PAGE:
Located in the Welsh settlement of Arvonia, Kan., is the Arvonia School. Built in 1872, the school is one of the few remaining buildings designed by pioneer Kansas architect John G. Haskell. It is one of the earliest-known architect designed schools in the state. The building was constructed by Welsh craftsman James Rice. It has become a Kansas icon, immortalized in the art of photography and legend of the region. The school is on the Reigister of Historic Kansas Places and the National Register of Historic Places. The building has been restored in the past several years.

In case of rain, the concert will be moved to the township hall. For more information, contact Susan Evans Atchison at 620-794-3917. Arvonia is located four miles north of Lebo and is on the southwest side of Melvern Lake.

More activities are planned this year to celebrate the beautiful historic school building, including another concert in the fall.

BBQ Celebration: Spring winds blow clouds of smoke into Osage City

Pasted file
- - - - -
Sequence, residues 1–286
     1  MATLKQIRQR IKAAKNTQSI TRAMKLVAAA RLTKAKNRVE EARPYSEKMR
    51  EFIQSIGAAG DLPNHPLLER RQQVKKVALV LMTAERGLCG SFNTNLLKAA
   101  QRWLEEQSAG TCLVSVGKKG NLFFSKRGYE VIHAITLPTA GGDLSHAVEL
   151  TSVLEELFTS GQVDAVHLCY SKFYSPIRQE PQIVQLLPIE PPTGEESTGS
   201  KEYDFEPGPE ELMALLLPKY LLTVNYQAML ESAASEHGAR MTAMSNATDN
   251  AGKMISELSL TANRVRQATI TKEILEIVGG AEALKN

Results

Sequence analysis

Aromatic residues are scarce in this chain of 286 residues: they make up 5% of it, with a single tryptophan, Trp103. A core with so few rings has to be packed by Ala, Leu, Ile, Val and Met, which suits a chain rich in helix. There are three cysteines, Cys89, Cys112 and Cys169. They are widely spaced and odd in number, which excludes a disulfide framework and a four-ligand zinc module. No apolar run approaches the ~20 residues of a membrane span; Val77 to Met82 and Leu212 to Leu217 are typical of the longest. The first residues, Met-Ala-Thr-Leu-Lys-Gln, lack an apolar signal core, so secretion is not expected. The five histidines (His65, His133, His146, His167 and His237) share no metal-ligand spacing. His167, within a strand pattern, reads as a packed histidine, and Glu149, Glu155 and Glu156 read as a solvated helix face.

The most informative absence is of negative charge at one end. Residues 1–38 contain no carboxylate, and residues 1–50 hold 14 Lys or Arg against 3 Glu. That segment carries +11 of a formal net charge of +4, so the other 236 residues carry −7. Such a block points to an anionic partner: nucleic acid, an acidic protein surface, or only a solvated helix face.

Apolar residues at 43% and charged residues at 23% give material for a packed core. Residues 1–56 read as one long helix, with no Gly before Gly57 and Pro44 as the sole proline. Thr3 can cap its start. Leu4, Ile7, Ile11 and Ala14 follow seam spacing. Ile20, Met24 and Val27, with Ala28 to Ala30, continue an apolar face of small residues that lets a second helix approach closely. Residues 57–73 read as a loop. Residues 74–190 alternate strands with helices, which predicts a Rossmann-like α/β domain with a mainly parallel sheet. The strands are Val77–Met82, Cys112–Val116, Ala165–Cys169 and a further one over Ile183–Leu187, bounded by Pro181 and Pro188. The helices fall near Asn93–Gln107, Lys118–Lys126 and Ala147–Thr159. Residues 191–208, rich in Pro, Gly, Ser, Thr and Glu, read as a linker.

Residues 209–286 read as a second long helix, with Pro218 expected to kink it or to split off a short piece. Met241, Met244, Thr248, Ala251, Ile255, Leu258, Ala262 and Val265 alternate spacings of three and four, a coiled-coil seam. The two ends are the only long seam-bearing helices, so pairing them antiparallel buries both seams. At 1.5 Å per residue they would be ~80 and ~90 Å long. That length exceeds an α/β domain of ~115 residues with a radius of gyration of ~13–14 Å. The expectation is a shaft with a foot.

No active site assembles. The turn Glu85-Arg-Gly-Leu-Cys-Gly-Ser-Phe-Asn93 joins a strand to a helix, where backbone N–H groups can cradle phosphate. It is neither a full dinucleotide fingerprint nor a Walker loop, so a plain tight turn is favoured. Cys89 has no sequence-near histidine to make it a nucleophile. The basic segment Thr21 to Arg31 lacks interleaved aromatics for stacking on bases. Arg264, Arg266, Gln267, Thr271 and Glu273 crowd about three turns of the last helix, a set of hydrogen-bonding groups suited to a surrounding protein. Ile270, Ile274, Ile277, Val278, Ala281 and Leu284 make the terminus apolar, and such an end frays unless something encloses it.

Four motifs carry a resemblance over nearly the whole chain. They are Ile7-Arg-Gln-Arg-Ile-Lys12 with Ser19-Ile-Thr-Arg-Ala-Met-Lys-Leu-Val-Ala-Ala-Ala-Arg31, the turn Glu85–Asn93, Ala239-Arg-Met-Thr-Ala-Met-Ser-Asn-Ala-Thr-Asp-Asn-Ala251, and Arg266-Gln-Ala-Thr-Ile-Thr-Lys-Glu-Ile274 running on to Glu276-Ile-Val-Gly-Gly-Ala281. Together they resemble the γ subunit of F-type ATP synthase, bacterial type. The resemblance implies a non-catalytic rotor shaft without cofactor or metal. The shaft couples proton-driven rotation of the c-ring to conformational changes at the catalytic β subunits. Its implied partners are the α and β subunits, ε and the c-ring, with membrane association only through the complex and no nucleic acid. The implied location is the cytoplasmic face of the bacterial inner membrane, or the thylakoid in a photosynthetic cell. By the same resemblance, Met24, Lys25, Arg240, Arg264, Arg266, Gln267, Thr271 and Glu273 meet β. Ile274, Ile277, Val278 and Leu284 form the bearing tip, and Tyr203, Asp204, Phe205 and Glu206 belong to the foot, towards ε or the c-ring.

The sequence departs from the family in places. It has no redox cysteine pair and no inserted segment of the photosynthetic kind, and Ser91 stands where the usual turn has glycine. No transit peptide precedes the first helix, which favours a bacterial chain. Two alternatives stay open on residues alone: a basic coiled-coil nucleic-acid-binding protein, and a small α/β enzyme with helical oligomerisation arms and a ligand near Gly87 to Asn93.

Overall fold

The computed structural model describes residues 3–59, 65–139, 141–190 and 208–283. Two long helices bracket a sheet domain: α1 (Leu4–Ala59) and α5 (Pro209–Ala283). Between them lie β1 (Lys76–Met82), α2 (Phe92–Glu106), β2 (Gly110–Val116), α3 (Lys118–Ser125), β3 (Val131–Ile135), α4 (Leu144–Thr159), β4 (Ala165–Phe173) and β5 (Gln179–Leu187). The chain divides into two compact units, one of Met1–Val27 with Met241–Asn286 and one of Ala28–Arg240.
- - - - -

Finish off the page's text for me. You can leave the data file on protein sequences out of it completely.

Last Call Heroes BBQ, Travis Duffy, Emily Wickstrom and their dog, Bernie, accept this year’s grand champion award at Smoke in the Spring, Osage City. Courtesy photo.

A strong Kansas wind blew more than 94 barbecue teams into Osage City last weekend. Only one team headed home as Smoke in the Spring’s grand champion. Claiming this year’s title in the April 9, 2022, contest was Last Call Heroes BBQ, with head cook Travis Duffy, of Pierre, S.D.

Duffy described winning Smoke in the Spring as a “bucket list” contest.

“It only takes one look at the past winners of this contest, the caliber of cooks it draws to the event, the community impact the event has, the size of the check you get for winning, it makes this one of the biggest KCBS contests of the year,” Duffy said. “We’ve struggled a bit here in the past, but it takes a very technical cook and some luck to have a chance in a field of both teams and judges that are tough. But we just keep diggin’!”

The South Dakota team competed against 93 other teams from 11 states in the Osage City contest, which celebrated its 19th year this year.